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Theatre censorship set to be a thing of the past

Amendment to censorship law transfers matters related to film and theatre from police to Ministry for Culture.

teodor_reljic
Teodor Reljic
17 October 2012, 12:00am
Photo from an Off-Broadway production of Stitching. Banned in Malta in 2009, the play was staged with a ‘14’ rating in the UK.
Photo from an Off-Broadway production of Stitching. Banned in Malta in 2009, the play was staged with a ‘14’ rating in the UK.
Though the death of theatre censorship as we know it was signalled by Minister for Culture Mario de Marco as early as January, the long-awaited decision to strip the Police of all matters related to classification of film and theatre was finally passed in its second reading in parliament yesterday, which signifies broad agreement on its contents from both sides of the House.

The act officialises a proposal to transfer all laws regulating the classification of film and theatre productions from the Police to the Ministry for Culture.

The move comes in the wake of an often-torturous censorship debate which was sparked more than once on the island over the last couple of years, impacting more than just the theatrical scene.

Pia Zammit and Mikhail Basmadjan in Stitching

Pia Zammit and Mikhail Basmadjan

It was the landmark 'Stitching' case that brought the issue to public attention, however, after local drama company Unifaun Theatre attempted to stage the UK drama - penned by Anthony Nielson, and staged in Edinburgh with a '14' rating - in 2009, only to be banned by the Film and Classification Board at the time.

READ MORE: Censored no more – what is the future of Maltese theatre?

The Board itself has since been dissolved in favour of a system of self-regulation - as proposed by de Marco in the original draft law calling for a relaxation on censorship laws - however this particular proposal remains to be formalised.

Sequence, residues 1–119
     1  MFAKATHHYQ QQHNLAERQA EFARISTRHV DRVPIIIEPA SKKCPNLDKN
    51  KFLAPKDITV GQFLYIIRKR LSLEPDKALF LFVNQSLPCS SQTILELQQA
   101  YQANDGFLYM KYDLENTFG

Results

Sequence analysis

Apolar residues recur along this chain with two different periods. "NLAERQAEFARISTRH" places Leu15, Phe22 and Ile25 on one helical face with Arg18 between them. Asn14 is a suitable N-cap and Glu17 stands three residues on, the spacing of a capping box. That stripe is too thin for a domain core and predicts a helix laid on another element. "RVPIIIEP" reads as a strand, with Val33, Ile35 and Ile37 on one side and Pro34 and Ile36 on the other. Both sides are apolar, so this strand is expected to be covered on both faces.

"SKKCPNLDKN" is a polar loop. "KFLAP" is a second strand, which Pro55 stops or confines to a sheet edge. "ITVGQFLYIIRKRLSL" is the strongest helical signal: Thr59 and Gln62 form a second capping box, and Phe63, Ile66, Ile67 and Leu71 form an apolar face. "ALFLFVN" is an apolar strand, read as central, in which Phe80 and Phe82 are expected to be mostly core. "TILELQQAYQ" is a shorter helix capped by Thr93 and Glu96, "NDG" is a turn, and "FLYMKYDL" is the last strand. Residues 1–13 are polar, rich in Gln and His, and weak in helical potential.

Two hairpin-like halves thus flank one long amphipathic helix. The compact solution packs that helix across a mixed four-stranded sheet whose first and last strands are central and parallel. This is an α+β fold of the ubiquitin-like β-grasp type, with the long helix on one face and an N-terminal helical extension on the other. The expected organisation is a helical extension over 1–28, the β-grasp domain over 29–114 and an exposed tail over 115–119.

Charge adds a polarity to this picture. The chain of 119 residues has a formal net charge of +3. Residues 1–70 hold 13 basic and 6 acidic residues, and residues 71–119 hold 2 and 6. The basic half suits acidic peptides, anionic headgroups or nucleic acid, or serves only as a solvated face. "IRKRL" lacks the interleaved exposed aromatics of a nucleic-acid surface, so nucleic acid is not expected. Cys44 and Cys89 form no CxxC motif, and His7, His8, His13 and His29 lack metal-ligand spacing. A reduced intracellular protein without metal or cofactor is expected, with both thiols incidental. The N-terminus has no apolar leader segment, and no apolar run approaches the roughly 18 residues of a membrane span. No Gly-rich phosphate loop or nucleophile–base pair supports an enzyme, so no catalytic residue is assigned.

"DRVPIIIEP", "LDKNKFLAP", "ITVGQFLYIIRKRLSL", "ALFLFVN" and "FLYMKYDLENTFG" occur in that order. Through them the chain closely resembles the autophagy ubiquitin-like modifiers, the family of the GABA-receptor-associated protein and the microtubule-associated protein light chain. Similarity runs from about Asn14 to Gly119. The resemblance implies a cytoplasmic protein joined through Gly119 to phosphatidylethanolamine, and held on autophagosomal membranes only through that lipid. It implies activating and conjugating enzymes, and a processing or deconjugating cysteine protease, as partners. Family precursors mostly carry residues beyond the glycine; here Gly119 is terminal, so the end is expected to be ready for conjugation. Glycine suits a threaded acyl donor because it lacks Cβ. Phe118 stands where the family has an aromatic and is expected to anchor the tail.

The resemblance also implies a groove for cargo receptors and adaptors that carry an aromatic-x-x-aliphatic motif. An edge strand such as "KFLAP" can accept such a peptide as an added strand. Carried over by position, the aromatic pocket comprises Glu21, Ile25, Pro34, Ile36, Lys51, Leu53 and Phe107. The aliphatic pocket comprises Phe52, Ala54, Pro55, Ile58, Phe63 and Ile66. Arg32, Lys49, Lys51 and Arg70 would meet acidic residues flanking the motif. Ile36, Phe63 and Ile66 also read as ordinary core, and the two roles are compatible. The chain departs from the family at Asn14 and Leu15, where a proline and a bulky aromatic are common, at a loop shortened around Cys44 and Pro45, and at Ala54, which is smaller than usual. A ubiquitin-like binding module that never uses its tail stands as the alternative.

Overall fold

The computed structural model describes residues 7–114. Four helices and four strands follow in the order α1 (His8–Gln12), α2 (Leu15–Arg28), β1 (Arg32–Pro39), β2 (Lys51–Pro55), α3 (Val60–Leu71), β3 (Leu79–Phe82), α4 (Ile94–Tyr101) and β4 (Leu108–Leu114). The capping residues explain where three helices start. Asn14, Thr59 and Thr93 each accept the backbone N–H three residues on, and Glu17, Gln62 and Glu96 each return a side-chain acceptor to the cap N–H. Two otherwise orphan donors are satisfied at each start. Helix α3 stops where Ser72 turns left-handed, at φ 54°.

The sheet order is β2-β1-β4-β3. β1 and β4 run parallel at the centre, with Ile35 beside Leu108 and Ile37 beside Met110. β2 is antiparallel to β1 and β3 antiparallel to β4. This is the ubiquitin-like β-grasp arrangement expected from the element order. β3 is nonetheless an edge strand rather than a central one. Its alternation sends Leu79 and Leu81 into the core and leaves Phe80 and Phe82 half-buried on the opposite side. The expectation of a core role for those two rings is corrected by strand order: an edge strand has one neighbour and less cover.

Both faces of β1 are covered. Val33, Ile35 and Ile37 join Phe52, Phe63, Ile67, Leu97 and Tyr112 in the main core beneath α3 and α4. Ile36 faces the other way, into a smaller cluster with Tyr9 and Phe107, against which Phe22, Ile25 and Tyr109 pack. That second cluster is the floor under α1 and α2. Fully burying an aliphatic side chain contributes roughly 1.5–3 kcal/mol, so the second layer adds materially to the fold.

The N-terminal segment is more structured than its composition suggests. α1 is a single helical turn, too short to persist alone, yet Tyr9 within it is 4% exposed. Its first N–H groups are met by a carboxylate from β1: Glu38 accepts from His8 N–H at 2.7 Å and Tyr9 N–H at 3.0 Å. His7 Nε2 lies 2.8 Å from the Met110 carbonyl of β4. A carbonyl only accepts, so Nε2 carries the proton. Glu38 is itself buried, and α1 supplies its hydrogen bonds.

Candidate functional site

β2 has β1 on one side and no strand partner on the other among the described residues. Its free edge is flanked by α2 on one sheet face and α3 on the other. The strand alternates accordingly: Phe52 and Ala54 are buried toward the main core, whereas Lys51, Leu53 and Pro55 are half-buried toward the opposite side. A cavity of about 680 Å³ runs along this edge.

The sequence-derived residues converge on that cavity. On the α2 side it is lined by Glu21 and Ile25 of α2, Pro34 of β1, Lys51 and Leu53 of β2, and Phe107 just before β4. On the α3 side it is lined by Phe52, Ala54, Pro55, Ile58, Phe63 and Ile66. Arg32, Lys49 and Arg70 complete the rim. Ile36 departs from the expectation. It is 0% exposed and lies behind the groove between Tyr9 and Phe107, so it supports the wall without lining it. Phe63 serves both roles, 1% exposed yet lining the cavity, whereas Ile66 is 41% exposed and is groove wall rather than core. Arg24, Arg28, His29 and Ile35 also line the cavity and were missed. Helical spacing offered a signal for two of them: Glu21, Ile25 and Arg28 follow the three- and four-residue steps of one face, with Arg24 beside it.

Unifaun Theatre founder and producer Adrian Buckle has vowed he will stage Stitching once the censorship laws are officially relaxed. The play will feature Pia Zammit and Mikhal Basmadjan who will be portraying the disintegrating relationship at the core of the play.

Actress Pia Zammit expressed disappointment about having to justify the play in front of the censorship board. However, she welcomed the news and said that it might just signal a change in the way culture is perceived by government.

"I feel that for once we are being listened to and that 'culture' is not an unknown word or factor any more. People have woken up to the fact that it is of utmost importance in a society. Toni Attard, Caldon Mercieca [Creative Economy Advisors] and Mario de Marco are all people who have worked their asses off to make things happen. They need a national holiday each," Zammit said.

In a recent interview in MaltaToday, the productions director Chris Gatt said that Stitching will definitely happen. As to the reaction [from the audience]... well, what I hope is that people will come in thinking one thing and then realise it was very much a case of much ado about nothing."

teodor_reljic
Teodor Reljic is MaltaToday's culture editor and film critic. He joined t...
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Manuel Scicluna
Malta, SLOWLY, catches up with the rest of the world. Now we're only 200 years behind everybody else.
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Please note that this article is incorrect as the Bill has not become law, and has merely passed to the consideration of the Committee for the Consideration of Bills, as will be apparent from listening to Parliamentary session of October 16th 2012: http://www.parlament.mt/sittingdetails?sid=1059&l=1&legcat=7&forcat=12
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Monique Vella
Iva! Waslet l-elezzjoni. Bzar. akgar bzar, u aktar u aktar bzar.
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Please note that this article is incorrect as the Bill has not become law, and has merely passed to the consideration of the Committee for the Consideration of Bills, as will be apparent from listening to Parliamentary session of October 16th 2012: http://www.parlament.mt/sittingdetails?sid=1059&l=1&legcat=7&forcat=12